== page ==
Throughout human history, there have been reports of human children raised by wolves. The first such story involved Romulus and Remus, the twin brothers who founded Rome.
It seems there was an Italian king, whose brother decided he could do a better job; the brother deposed the king, slaughtered his male heirs, and forced the king’s daughter to become a Vestal Virgin. While the Vestals were sworn to chastity vis-a-vis humans, nobody said anything about gods or demigods – and the chick was quickly knocked-up by either Mars or Hercules (when asked to be more specific, she would only shrug and point out that it had been dark.)
Ok, clearly the offspring are destined for greatness. The new king (who had apparently not heard about what happened with Oedipus) decided the best thing to do is drown the twins as soon as they're born.
As anyone who has heard about Oedipus will have guessed, the boys didn't die: it's complicated, but, the river Tiber bore them up, they were suckled by a she-wolf (who just happened to have some extra milk she wasn't using), fed by a wood-pecker (who'd jarred his brain so badly he couldn't tell the difference between human infants and baby wood-peckers), and, eventually, fostered by shepherds who raised them to be, yes, shepherds.
(At some point, I’d really like it if someone could explain to me how being raised by shepherds to be a shepherd somehow imparts all the military education needed to become a warrior-king … I mean, clearly it does: we have Oedipus, Romulus, and David, to mention just a few – I’m just not at all clear how looking after sheep somehow makes someone a bad-ass.)
Eventually, the twins find out what an ass-hole their grand-uncle has been (shortly after they find out that the new king is their grand-uncle), and kill him, restoring the original king to his throne. Unwilling to await their inheritance, the boys decide to just go right ahead and start their own city.
There's a catch: Romulus really thinks the Palatine Hill would be an awesome place to build a city, while Remus is just as convinced the Aventine Hill would be better. Eventually, they decide to submit the question to augurs --- except that each of them claims his augur has sided with him!
There are several sensible things that could have been done at this point: they could have gone to a different augur together, they could have thrown some dice, or tossed a coin, or picked a hill they could both agree on (there were seven hills in that particular area), they could have had an arm-wrestling match, or they could just have each started his own damned city on the hilltop of his choice.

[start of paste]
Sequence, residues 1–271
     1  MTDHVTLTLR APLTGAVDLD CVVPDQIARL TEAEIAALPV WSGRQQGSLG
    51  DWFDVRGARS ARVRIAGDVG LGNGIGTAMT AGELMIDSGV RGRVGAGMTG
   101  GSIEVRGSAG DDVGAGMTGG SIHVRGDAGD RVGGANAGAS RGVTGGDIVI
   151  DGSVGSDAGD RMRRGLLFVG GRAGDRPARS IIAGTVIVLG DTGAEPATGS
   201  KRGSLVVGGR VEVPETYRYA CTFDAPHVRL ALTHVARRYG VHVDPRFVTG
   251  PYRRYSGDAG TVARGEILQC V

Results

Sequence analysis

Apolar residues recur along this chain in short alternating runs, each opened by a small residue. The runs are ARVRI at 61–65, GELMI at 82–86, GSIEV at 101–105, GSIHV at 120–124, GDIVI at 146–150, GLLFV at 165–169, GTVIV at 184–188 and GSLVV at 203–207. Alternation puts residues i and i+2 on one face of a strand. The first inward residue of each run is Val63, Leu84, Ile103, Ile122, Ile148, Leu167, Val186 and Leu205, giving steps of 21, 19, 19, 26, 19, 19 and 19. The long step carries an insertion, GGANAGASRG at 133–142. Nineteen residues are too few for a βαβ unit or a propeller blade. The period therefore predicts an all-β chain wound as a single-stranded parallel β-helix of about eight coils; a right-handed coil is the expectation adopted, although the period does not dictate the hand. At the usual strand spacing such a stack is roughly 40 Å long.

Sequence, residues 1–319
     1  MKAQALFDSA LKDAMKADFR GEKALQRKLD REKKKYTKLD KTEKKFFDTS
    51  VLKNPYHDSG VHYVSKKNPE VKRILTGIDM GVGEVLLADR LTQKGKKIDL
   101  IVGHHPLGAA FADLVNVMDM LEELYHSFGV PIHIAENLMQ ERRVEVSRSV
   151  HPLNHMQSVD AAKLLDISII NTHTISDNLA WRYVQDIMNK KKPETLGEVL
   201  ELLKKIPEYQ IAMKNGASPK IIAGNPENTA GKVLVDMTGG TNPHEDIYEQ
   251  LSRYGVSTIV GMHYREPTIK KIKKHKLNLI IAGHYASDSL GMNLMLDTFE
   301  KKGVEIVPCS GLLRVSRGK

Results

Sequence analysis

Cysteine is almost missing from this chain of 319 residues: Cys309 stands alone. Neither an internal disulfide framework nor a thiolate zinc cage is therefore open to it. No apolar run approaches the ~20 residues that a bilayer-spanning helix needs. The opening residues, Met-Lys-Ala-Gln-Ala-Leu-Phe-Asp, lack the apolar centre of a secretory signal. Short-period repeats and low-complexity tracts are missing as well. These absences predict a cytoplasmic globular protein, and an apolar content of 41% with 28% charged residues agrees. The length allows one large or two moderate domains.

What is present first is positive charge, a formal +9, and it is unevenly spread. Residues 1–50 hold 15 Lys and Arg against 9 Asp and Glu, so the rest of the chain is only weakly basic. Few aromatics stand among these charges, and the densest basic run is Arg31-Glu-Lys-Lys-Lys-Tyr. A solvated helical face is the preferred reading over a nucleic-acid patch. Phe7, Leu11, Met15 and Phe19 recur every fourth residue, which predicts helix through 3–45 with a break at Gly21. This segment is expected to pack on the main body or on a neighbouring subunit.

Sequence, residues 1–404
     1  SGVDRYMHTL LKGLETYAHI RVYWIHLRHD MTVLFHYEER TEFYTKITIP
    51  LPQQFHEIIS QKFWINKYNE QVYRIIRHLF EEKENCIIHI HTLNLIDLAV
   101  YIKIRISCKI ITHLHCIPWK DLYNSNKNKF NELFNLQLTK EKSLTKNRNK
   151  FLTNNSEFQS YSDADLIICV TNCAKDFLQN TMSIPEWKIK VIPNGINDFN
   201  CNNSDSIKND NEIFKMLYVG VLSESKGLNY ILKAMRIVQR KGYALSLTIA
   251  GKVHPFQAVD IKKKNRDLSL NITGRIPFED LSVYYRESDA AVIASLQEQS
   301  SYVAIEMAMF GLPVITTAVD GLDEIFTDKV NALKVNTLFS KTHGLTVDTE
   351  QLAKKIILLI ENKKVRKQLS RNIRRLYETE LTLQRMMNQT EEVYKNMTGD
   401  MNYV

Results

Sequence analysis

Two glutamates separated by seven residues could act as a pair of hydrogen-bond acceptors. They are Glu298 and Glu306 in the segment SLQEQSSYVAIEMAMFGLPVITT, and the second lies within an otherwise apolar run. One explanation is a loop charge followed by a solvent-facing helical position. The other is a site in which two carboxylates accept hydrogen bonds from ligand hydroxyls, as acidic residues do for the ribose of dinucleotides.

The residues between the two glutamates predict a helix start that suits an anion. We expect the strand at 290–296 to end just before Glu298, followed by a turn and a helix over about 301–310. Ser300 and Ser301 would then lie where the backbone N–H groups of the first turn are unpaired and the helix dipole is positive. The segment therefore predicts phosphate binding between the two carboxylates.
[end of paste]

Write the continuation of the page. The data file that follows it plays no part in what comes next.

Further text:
It is an important rule of fiction that the characters can NEVER do the sensible thing --- because everyone lives happily ever after and there's no story, and, if you haven't guessed it yet, this is fiction, so none of the sensible options was followed. Romulus killed Remus, founded his city on the Palatine Hill, and called it Rome, after himself. (The fact that the city eventually encompassed ALL of the seven hilltops in that region, including the Aventine, must have set Remus spinning in his grave. On the plus side, we haven’t had to deal with a city called ‘Reme’, so things can be said to have worked out for the best.)
The population of the city quickly swelled, but it was mostly by taking in displaced men; it quickly became apparent that there weren’t enough women to go around. As it happened, the neighboring Sabine tribe had lots of women, but it seemed they were unwilling to share. The Romans figured this sort of selfishness ought not to be allowed, and they pulled off the famous ‘Rape of the Sabine Women’, under cover of darkness.
Now, while it’s true that the term ‘rape’, in those days, had a meaning closer to ‘abduct’ than the purely sexual connotations it bears today, let’s face it, the Romans weren’t interested in ransom, and they didn’t take all those women because they needed housekeepers! It can be assumed, therefore, that quite a few of the activities associated with the modern use of the word transpired.
The Sabines, meanwhile, couldn’t help but notice their wives and daughters had all gone missing at the same time, and a quick check of the ladies room indicated they weren’t all in there, talking. At about the same time a suspiciously large group of tracks was found leaving Sabine territory on a direct heading for Rome.
Rome won the war that followed, and absorbed the Sabines into their community, whereupon it became necessary to find someone else to fight.
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